“Stonados…I’ll be damned.”
They say if you’re going to steal, you should steal from the best. Well, that’s the exact opposite of what SyFy has done with the hilariously shameless act of self-cannibalization known as Stonados. Say what you will about Sharknado — and snarky commenters excitedly blew up Twitter shortly after its premiere — but at least that particular slice of premium B-movie cheese was inspired in its lunacy and stupidity. Stonados, on the other hand, is pretty obviously a way for the network to capitalize on the unexpected heat generated this past summer by the perfect shlock storm of Sharknado.
Sharknado aired in July, and even SyFy couldn’t crank out a “worthy” sequel — I cannot overstate how strong those quotation marks around the word “worthy” are — by the end of the year. (Finding just the right mix of washed up ’80s/’90s talent is an artform you simply can’t rush.) So the network found a quicker, less-satisfying way to capitalize on the original film’s buzz. The result is Stonados, which premiered in November, I assume, so that it would be eligible for all the prestigious year-end awards.
“Let’s go have a look at the rock, shall we?”
Remember how Steven Spielberg masterfully created a sense of dread and terror in Jaws by holding off on showing us the (uncooperative) shark as long as possible? Well, Stonados gleefully goes the other way and rarely passes up a chance to show off its crap-tastic visual effects. Director Jason Bourque (Seattle Superstorm) barely waits a minute to unleash his film’s terrible CGI during an opening scene set at the site of Plymouth Rock. A storm appears out of nowhere and sweeps up an unfortunate tour guide along with Plymouth Rock, which lands on top of a cocky basketball player 40 miles away and inadvertently proves Malcolm X right.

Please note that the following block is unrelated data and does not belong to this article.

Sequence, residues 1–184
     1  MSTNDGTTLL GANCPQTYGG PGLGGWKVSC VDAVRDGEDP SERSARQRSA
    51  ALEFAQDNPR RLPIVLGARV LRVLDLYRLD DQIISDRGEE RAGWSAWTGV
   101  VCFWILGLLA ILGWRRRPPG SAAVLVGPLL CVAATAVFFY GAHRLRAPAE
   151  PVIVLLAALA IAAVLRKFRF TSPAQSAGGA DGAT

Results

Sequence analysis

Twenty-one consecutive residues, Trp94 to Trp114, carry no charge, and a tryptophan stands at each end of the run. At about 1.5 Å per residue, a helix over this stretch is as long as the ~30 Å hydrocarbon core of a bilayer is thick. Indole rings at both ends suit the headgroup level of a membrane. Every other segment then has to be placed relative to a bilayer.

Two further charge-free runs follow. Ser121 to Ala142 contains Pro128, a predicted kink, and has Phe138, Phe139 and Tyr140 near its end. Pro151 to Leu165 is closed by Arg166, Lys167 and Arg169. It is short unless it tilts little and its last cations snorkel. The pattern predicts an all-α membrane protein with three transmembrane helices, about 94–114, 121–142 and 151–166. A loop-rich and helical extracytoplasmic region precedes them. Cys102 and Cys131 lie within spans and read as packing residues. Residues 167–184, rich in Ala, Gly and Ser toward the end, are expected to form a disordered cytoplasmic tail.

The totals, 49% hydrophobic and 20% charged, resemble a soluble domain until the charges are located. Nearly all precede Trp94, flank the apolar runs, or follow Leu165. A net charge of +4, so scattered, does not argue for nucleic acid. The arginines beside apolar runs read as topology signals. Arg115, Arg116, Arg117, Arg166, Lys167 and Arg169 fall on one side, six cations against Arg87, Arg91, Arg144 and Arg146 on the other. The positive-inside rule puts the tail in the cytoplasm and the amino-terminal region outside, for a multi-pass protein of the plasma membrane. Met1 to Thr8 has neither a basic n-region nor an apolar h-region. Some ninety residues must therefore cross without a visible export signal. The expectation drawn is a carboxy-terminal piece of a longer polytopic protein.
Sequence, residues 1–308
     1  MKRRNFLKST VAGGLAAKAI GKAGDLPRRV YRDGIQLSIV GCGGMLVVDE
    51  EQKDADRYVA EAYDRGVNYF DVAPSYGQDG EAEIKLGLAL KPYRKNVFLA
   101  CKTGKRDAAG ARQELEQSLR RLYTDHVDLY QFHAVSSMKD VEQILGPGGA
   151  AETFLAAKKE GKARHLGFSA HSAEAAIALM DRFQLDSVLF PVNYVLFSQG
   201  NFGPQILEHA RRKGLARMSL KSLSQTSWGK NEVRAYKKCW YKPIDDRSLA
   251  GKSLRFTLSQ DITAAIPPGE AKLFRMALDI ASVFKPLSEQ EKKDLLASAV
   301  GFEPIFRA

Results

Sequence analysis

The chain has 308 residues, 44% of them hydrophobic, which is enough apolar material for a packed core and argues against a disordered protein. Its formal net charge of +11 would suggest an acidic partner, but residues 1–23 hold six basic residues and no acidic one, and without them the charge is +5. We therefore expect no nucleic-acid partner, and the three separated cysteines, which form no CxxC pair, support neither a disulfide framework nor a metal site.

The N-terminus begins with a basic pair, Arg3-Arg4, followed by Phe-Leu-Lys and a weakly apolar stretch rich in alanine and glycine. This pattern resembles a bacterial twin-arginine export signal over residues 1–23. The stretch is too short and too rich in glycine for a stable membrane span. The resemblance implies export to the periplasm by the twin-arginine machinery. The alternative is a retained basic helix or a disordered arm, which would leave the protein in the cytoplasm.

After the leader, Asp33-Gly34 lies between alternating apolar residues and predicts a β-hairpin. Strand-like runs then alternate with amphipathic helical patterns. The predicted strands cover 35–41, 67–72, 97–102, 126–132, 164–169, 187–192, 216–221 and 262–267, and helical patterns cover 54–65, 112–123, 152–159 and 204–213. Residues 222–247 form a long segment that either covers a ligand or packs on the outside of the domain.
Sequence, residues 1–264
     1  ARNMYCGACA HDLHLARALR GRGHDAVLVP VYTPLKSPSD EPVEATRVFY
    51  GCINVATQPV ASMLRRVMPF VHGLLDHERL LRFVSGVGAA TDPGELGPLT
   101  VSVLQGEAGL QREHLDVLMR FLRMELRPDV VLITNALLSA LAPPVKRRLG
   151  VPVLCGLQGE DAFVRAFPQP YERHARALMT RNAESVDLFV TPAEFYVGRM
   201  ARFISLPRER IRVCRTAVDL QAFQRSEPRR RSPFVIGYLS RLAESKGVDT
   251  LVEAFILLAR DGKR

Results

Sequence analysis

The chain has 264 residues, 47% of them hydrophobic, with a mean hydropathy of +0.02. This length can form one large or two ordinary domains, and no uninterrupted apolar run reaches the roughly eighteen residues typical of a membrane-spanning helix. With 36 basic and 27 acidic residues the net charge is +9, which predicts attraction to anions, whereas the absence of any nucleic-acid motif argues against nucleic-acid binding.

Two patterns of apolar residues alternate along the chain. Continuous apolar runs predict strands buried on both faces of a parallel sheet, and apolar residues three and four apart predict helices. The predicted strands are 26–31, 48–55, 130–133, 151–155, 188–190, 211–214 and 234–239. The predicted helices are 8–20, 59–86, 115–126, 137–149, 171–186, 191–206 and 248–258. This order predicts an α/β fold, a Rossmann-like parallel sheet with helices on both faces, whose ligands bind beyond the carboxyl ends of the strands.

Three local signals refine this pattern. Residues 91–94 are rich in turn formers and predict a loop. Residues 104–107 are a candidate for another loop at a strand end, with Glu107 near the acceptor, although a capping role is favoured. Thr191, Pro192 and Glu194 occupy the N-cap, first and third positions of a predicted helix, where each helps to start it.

Science teacher Joe (Paul Johansson) is called in by his police officer sister Maddy (Miranda Frigon) to examine the freak accident. They’re joined by Lee (Sebastian Spence), a small-time weatherman who has a long-term crush on Maddy and is Joe’s Harvard college buddy. Soon, another stonado — Lee actually trademarks the phrase — hits the marina and kills a bunch of lucky unlucky extras who don’t have get to be in the movie anymore. Joe and Lee try to warn the skeptics at the Federal Oceanic Agency about the increasing likelihood of a massive stonado that could destroy Boston. After the storm finally arrives, Joe has to race against time to save Boston and his annoying/trouble-magnet kids before all hell hail breaks loose!
Some of the details in the previous two paragraphs strongly hint at the idea that Bourque, writer Rafael Jordan, and everyone involved in this production has a healthy sense of humor about this mess a movie. (Need more proof? The film’s climax involves launching a non-nuclear warhead into the stonado. Also, Joe decides it’s a good idea to bring his kids along for this highly-dangerous mission.) Unfortunately, that sense of play doesn’t trickle down to the performances. Spence is the only actor who’s allowed to have some fun or acknowledge the ridiculousness of the proceedings. The biggest “star” (again…strong quotation marks here) is former X-Files actor William B. Davis, who pops up for a few scenes as an ill-fated lighthouse dweller.
Then again, wooden acting is the least of this film’s worries. I was much more disappointed by the movie’s distressing lack of imagination. Let’s start with the title: if you’re going to rip off Sharknado, why not go for more marine/weather-based mayhem (Octopusunami!?) or come up with something more outrageous to throw at these characters than rocks? (How about Stoveados!? Gas stoves, electric stoves, furnaces flying everywhere!) The action scenes we do get are both derivative and redundant. For example, there are multiple instances where a random character gets Deep Blue Sea-ed. (“Deep Blue Sea-ed”, of course, is a verb describing a character who gets killed mid-sentence by horrible special effects.) I guess what I’m saying is, where’s the equivalent of a chainsaw-wielding Ian Ziering diving headfirst into a shark’s mouth?!
I haven’t even mentioned the potentially awkward idea of staging scenes of mass mayhem and destruction in Beantown less than a year after the Boston Marathon bombings. The good news is it’s impossible to get offended, mostly because this movie is a joke and partly because — like many other cheap-o SyFy originals — it was clearly filmed in Canada. (The Boston Bruins gear they made random extras wear isn’t fooling anybody; also, it would’ve been hilarious nice if the cast had at least attempted Boston accents.) Sharknado: The Second One is due this July (yes, that’s the title). Stonados tried — and failed — to scratch our collective schlocky itch. “Let’s hope that was the worst of it.”